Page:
Look at the navigation bar, there are three test pages available for viewing. The user with site admin role also has site staff, and site user role. So the user has full access to all the pages this web application can offer. You should log out before you try with the next user. On the upper right cornder, there is a pull down nav menu called "Account". Click on it, and you will see the "Log Out" option. Click on it will log your user off.

Let's try logging in using user with site staff role. This is super user role with slightly less privilege than the admin role. The user is "teststaff" and password is still "123test321". Navigate to url: http://localhost:8080/SampleSpring4/secure/testPage2. Then log in with "teststaff", you will see the following screenshot:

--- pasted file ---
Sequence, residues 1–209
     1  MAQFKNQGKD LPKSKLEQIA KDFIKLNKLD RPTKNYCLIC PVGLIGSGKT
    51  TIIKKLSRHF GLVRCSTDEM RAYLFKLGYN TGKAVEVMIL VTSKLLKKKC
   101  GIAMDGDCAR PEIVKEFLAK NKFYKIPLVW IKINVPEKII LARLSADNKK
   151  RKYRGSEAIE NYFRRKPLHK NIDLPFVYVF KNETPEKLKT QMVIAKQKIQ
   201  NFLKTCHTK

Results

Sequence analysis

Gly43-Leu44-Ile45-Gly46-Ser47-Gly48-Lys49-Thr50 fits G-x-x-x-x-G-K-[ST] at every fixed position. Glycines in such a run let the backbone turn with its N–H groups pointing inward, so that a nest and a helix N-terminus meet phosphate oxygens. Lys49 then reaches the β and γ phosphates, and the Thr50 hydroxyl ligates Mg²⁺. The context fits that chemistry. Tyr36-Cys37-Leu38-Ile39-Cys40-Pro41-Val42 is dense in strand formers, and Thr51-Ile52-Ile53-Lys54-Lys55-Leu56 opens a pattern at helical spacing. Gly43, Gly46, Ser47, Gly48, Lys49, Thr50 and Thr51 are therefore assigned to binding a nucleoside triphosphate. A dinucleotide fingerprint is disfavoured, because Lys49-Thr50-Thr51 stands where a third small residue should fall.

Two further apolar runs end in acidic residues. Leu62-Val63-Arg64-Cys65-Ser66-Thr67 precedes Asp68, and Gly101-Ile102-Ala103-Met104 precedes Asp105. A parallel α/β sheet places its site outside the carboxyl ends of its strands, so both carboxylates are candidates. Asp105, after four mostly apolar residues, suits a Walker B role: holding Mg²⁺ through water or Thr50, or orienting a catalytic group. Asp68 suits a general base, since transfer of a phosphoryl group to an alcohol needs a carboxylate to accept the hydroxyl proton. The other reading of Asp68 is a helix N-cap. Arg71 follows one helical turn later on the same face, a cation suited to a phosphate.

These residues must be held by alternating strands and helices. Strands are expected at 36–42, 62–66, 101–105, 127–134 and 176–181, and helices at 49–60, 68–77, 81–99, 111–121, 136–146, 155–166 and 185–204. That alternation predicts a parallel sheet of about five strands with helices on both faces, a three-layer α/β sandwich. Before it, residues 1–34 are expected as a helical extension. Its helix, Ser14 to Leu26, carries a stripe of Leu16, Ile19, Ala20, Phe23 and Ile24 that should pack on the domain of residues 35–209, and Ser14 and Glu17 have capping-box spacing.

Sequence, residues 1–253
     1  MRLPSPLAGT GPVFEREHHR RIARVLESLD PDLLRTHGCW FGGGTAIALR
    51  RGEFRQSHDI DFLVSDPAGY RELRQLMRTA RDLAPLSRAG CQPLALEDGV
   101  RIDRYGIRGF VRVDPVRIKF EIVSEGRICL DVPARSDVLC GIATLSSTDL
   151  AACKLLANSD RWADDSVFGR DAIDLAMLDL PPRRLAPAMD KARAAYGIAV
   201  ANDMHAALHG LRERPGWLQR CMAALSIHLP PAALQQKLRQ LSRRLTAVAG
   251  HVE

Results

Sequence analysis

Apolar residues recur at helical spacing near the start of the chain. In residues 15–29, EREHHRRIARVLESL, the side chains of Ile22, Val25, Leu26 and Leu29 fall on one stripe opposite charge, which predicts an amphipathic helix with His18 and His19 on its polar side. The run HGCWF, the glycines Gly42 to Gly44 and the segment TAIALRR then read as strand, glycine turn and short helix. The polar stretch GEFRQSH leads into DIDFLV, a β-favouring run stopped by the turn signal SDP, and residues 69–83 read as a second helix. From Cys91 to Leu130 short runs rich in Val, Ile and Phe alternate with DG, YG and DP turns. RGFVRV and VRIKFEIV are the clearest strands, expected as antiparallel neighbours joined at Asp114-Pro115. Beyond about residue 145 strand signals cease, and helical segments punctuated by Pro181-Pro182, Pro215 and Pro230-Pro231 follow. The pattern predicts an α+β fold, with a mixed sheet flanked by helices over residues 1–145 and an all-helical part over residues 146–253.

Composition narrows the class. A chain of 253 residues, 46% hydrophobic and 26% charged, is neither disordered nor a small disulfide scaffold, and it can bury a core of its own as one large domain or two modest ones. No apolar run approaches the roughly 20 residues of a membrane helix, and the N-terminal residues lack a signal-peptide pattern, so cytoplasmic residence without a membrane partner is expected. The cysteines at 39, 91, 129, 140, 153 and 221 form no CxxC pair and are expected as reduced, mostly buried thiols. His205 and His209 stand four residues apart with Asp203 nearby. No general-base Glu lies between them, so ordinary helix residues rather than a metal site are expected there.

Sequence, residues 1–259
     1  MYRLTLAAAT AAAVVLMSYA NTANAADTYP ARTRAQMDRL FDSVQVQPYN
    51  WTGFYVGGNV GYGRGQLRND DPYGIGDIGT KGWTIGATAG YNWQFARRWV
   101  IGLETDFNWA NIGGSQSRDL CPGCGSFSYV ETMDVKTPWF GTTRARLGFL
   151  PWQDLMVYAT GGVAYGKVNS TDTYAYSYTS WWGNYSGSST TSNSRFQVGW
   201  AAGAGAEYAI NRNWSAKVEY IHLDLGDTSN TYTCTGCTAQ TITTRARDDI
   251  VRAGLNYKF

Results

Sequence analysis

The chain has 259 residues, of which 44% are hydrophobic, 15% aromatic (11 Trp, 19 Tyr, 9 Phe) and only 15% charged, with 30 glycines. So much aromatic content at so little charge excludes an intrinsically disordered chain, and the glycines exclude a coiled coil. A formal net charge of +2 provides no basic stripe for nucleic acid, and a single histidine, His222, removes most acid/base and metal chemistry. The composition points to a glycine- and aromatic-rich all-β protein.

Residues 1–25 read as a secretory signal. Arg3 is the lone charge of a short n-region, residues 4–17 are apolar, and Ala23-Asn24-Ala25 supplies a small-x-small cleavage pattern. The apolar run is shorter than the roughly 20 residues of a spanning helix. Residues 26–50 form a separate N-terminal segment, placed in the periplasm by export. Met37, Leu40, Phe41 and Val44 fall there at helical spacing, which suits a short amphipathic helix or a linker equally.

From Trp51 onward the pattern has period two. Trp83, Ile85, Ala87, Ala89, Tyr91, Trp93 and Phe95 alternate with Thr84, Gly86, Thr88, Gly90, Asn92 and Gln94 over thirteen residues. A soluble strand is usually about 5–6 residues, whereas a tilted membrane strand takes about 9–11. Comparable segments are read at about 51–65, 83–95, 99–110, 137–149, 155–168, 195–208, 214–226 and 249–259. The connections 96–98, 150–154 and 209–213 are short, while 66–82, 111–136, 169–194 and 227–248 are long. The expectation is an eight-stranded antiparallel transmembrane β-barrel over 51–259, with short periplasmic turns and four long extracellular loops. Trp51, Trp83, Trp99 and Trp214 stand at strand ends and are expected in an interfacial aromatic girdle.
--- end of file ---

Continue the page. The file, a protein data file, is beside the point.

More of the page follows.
Now you can see that for this user, there is no test page #1 available. If you attempt to navigate to the test page #1 by url: http://localhost:8080/SampleSpring4/secure/testPage1. You will receive a error page of 403.

Finally, you can test the site user account. First log out, then navigate to: http://localhost:8080/SampleSpring4/secure/testPage3. Log in with user "testuser1" and password "123test321". You will see the following screenshot:

Now, try the RESTFul api service. It is accessible with role site user. Navigate to the url: http://localhost:8080/SampleSpring4/secure/api/getCarModel?make=subaru&model=out+back

{"maker":"Honda","year":2016,"model":"Accord","price":19667.28}

Lastly, we can try with an invalid user. User "testuser2" can be logged in with the same password. However, this user is disabled. So you won't be able to login.

Points of Interest

This will be my first and last post on Spring MVC with Spring Security using an app container (Jetty, Glassfish, JBoss). It will be a summary of all the things I have learned regarding Spring MVC, Spring Rest, and Spring Security. The next stage of the work I will be doing is using either Spring Boot or using Jetty jars to create stand alone web applications. It is the future.

I hope this will be some use to you.